Drew Ann explained the importance of the Berger Inquiry, also known as the Mackenzie Valley Pipeline Inquiry. The inquiry occurred in the early 1970s when Justice Thomas R. Berger held hearings regarding a proposed natural gas pipeline down the Mackenzie Valley. The inquiry was the first to give Aboriginal people a real voice. Community hearings were held in 30 Aboriginal villages along the proposed path of the pipeline, with almost a thousand witness testimonies.
The inquiry set a historic precedence in BC’s history, and Drew Ann curated an exhibit about the Berger Inquiry to remind people of its significance. “I was afraid people were losing the memory that you can organize things and win,” she said.
The exhibit traveled to various campuses, and the next step was to create a project website, to enhance and spread the resources. The website, structured as a scrapbook, includes interviews, videos, and audios of numerous people that were involved in the inquiry, representing the diverse perspectives. It encourages learners to discuss the evidence presented and put themselves in the position of Justice Berger.
The project website, and the overall Indigenous Foundations website, aims to be a resource for people to learn more about Aboriginal cultures, politics, and histories in a digestible but meaningful manner. Drew Ann said it is a great resource for people who “need more background, but may be ashamed to ask questions.” She also noted that the website is a catalyst for further conversations. “It is a trigger for social, human interaction.”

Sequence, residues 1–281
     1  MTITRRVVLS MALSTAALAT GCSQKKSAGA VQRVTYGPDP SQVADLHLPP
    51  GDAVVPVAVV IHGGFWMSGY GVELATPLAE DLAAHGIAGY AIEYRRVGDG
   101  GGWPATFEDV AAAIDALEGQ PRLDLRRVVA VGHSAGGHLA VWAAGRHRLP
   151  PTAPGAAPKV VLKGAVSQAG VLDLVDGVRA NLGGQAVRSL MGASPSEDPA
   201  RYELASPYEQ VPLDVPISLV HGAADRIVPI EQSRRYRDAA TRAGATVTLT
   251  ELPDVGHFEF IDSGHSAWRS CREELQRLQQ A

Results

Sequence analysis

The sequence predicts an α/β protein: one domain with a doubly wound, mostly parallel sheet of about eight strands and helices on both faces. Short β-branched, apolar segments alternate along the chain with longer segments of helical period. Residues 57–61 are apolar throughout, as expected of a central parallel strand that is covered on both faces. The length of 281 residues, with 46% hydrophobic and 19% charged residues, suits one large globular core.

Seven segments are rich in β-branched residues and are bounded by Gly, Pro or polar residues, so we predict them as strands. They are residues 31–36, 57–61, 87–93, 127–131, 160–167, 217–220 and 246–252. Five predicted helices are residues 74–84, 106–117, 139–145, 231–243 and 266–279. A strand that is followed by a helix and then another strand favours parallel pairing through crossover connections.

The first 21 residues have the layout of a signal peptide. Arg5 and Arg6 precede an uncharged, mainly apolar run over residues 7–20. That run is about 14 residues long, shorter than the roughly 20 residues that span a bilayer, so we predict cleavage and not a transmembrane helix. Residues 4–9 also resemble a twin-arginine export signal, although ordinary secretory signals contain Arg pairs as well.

Amy added that even in “300/400 level courses, there are some students still struggling with fundamentals,” and she hopes the website will help. Similarly, she hopes instructors will see the importance of incorporating the resources, or knowledge gained from the resources, into their classroom. As she expressed, “There’s responsibility for instructors to create a space that’s conducive to learning for all.”
The Totem Park Residence Educational Film Series, Knowing the Land Beneath Our Feet, Time and Place at UBC: Our Histories and Relations, and Indigenous Foundations all emerged as student projects, when Sarah, Hanae, and Amy were pursuing their respective degrees at UBC. They hope students will learn from, and find inspiration from these projects. Sarah adds, “We want to empower students to look carefully at what’s happening on campus.”
The next Classroom Climate session, Critical Thinking and Representation in Student Writing, will take place on February 26, 2015. The session will explore how instructors can assist students’ writing and research on Indigenous topics. Registration is now open.
This article was published in the January 2015 CTLT Newsletter, Dialogues. Below is a list of articles included in the issue:
- A Space to Learn: Reshaping the Campus Experience
- Mechanisms to Enhance Teaching in Universities: An Interview with Michael Grove
- SOILx Receives Platinum MarCom Award
- Uncovering Indigenous Stories at this “Place of Mind” (currently viewing)